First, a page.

Election of Andres Manuel Lopez Obrador Represents a Major Risk to Mexican Business Status Quo.

The election of a self-declared leftist in Mexico represents a potential seismic shift in the Mexican economy. For decades, the Mexican business climate operated under rather simple set of oligarchical fiefdoms. A handful of wealthy families paid, through various means, economic rents to necessary government departments, individuals and agencies in order to maintain monopoly or oligopoly status in key domestic industries. This system provided abnormally high levels of profit at the business level within the domestic economy.

In the new government, all bets on “business as usual” are off. The statement from Lopez Obrador: “contracts obtained under energy reforms passed under President Enrique Pena Nieto will be scrutinized for any corruption or illegality, but otherwise contracts will be honored. “There will be no confiscation or expropriation of assets. … Eradicating corruption will be the principal mission,” should be read carefully before concluding that all will be well at the business level in Mexico.

Mexican law is inconsistent with US laws in many respects. The country operates on a variant of French/Russian Napoleanic code. Such statutes presume that an individual or business is guilty, when charged with an infraction, rather than assume innocence. The presumption of guilt is not the American version of “guilt beyond a reasonable doubt”; being just a little guilty, even by accident or oversight, is still guilt in the eyes of the Mexican judiciary. As a result, Mexican businesses were seldom willing to engage the government in a court when charges were discussed; the preferred manner of dealing with issues was to iron out irregularities quietly, privately and with bags of cash.

Since entire government departments within Mexico, as well as business, are complicit, officials have taken great pains, in the past, to cover up the clubby system of endemic corruption. All that it will take is a few whistleblowers to out all of the dirty laundry. Some whistleblowers might be motivated by genuine altruism; others might be motivated by immunity, some might even find that a whistleblower payment system, similar to that of the United States; will be sufficiently enticing as to open up floodgates.

Should Lopez Obrador decide to evaluate every major and minor business contract entered into with the prior governments of Mexico, for the past 30 years to explore potential corruption and illegality, taking into account the legal framework in Mexico and then positing that even minor infractions can be used as leverage against large Mexican businesses, it seems clear that any/all Mexican businesses are at a clear legal risk. Monopolies might be broken, oligopolies might find that their concessions have reduced lifespans or less profitable terms and punitive fines might abound.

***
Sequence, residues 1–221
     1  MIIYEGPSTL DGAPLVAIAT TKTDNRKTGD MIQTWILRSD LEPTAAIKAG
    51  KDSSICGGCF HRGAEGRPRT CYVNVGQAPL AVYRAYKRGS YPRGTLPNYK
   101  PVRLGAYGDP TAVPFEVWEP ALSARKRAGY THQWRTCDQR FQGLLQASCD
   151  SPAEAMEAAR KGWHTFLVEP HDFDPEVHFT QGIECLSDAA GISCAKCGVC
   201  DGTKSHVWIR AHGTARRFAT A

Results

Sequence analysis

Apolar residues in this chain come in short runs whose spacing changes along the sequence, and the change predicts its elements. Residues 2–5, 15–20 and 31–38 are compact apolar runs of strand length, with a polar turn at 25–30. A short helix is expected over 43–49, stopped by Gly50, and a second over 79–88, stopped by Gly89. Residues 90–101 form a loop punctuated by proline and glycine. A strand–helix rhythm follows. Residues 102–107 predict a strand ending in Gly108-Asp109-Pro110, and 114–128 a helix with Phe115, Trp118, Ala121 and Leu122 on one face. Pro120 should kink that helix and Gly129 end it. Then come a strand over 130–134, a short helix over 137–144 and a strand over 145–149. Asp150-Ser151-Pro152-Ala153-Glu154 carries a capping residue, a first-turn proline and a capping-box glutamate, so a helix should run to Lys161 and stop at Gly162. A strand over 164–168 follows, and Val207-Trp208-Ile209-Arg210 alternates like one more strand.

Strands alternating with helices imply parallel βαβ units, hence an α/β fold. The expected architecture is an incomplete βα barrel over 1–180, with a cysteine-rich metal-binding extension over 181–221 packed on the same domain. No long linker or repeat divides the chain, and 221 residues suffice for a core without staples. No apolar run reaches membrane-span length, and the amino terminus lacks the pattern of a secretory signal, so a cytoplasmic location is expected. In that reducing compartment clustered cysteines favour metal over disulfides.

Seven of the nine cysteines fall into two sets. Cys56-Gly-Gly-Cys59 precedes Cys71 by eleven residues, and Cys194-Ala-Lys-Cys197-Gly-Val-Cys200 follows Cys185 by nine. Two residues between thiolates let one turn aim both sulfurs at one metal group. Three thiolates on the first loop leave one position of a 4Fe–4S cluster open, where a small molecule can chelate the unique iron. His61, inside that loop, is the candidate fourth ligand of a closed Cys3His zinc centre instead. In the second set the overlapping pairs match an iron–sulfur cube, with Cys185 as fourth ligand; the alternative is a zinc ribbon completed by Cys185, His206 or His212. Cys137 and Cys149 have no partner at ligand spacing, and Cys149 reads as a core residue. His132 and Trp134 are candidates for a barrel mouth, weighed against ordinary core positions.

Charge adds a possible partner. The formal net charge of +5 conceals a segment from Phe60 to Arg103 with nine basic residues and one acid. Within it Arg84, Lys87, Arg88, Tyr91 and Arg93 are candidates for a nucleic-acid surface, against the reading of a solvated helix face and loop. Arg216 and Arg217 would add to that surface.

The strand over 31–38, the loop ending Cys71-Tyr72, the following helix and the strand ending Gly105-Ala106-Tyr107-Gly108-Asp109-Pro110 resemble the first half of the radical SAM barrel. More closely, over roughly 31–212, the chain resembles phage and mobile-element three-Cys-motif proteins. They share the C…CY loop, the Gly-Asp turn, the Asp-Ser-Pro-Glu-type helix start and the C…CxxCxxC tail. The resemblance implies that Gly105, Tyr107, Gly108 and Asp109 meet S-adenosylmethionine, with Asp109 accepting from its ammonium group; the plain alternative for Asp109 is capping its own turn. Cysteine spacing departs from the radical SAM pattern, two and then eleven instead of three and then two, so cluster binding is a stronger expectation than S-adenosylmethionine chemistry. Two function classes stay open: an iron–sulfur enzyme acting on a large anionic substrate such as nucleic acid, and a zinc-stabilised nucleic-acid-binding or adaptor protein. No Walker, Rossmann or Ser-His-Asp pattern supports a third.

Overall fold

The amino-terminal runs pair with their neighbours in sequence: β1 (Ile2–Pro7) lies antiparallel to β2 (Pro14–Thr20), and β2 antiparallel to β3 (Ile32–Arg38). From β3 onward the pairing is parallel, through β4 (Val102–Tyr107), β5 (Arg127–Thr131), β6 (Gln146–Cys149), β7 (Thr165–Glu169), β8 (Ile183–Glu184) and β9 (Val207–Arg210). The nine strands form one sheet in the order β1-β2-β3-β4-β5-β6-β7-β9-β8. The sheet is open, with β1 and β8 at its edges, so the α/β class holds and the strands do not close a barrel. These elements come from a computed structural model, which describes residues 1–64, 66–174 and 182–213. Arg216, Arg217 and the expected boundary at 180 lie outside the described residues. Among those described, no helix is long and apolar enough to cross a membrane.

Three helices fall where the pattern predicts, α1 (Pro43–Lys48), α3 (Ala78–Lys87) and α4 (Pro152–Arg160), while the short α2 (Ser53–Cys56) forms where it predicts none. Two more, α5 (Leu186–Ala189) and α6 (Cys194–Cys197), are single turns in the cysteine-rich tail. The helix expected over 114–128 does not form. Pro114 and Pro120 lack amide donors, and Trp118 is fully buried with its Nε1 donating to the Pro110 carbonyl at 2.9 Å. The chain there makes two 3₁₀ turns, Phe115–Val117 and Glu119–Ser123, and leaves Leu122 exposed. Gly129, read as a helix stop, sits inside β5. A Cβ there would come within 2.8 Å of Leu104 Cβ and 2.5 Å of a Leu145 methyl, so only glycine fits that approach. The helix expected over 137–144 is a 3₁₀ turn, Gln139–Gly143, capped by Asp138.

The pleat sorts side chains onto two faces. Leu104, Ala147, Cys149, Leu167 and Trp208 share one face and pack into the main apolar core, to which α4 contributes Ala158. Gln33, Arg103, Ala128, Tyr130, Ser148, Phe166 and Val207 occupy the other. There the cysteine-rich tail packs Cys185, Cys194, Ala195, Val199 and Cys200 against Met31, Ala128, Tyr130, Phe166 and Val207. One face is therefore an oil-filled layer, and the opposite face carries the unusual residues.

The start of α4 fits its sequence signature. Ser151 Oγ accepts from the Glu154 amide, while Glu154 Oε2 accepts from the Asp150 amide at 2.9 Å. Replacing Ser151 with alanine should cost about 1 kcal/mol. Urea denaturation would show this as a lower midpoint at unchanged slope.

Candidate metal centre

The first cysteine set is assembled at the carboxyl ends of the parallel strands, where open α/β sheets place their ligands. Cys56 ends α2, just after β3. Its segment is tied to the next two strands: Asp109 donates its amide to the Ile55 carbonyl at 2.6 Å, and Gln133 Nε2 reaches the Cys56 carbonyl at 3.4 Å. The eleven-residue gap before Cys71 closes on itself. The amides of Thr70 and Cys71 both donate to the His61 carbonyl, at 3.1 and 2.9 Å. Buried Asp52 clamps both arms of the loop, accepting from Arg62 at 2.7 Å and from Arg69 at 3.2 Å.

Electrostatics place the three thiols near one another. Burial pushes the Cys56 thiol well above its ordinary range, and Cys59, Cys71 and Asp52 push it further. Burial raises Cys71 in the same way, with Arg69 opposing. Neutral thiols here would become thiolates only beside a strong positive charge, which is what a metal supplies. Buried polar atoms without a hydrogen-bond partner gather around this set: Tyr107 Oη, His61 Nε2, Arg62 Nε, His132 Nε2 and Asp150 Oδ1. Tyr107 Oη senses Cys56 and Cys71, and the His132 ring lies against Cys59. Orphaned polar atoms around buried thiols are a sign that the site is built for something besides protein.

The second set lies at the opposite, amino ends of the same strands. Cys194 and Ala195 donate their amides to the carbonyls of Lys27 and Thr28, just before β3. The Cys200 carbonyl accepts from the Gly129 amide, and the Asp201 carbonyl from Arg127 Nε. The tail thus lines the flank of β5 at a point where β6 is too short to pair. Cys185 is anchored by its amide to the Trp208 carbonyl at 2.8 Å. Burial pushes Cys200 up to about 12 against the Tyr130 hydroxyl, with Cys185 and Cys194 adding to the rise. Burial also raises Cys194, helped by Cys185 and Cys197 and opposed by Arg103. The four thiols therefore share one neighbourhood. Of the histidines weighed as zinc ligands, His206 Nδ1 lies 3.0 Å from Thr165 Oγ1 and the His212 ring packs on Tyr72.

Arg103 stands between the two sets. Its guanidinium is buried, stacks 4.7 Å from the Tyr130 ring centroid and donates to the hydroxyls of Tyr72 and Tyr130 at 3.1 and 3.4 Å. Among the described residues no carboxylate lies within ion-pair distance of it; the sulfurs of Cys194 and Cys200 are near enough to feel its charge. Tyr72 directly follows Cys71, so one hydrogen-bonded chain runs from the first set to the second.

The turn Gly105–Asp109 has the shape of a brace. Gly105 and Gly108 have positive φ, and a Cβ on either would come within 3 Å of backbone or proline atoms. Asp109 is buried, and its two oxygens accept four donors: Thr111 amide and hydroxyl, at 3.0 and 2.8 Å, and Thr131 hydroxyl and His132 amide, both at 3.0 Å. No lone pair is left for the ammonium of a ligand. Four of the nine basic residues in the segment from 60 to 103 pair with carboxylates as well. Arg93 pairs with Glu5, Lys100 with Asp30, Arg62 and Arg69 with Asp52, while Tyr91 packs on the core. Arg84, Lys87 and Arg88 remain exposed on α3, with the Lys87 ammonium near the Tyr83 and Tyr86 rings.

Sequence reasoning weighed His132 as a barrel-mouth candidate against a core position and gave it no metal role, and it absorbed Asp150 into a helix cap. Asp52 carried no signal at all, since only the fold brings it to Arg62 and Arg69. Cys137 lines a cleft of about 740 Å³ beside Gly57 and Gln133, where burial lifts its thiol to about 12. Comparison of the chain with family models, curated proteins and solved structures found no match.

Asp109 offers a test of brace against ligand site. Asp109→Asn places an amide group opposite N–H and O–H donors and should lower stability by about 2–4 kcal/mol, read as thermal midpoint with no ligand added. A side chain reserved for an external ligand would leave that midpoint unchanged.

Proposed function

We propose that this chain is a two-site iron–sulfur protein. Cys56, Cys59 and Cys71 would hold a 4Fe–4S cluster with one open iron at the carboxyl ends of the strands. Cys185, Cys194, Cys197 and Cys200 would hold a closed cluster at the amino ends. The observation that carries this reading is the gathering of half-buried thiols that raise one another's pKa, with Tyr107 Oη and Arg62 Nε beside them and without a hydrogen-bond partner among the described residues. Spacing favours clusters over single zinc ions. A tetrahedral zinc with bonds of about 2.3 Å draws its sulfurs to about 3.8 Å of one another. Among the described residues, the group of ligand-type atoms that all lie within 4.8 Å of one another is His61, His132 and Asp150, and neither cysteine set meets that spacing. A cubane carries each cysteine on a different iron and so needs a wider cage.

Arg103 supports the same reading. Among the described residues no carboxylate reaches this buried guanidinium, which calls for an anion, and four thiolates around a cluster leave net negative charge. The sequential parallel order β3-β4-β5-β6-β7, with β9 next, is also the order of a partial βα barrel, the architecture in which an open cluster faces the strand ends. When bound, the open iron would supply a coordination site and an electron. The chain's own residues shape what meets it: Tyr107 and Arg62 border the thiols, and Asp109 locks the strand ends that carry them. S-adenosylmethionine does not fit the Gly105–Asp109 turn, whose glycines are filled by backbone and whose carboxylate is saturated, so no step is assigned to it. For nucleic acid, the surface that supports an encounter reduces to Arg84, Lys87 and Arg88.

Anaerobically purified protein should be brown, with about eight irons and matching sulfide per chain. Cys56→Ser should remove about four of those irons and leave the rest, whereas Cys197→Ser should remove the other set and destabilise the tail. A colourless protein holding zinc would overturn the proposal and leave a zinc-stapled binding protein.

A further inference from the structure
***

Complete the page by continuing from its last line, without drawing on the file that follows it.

It may be that Lopez Obrador sincerely wishes to eradicate Mexican crime and make the country safer for residents of the increasingly violent nation. However, whether it be property crime, physical crime or commercial crime, crime is crime. At this time, Lopez Obrador has not made any distinctions between physical harm to Mexican people. a crime of omission, or a crime committed to obtain a favorable long-term business concession/contract, all might be treated with equal harshness under the incoming government. There is no way to tell what the economic outcome of a leftist crusader will have on the Mexican economy in the short or long term. Rhetoric from Lopez Obrador, over more than a decade, certainly indicates his clear resolve to level the playing field for the ordinary Mexican citizen.

Obrador will have a great battle on his hands against the bureaucratic mandarins within Mexico that benefit from status quo. When faced with such odds, the intial position of leftists is to typically play hardball and then settle for less radical changes. Hardball headlines and pronouncements against entrenched Mexican business interest will be received poorly at the multinational level and should frighten the average Mexican equity investor. Large businesses and wealthy families in Mexico, shielded by decades of complicit partnerships with the PRI and with officials of the outgoing Mexican government are right to be worried. Nothing worries investors and businesses more than a left-leaning populist with an axe to grind and that also occupies the moral high ground, all the while looking down at a pit of corruption. A righteous leftist hammer can hit very hard. These are uncharted waters.


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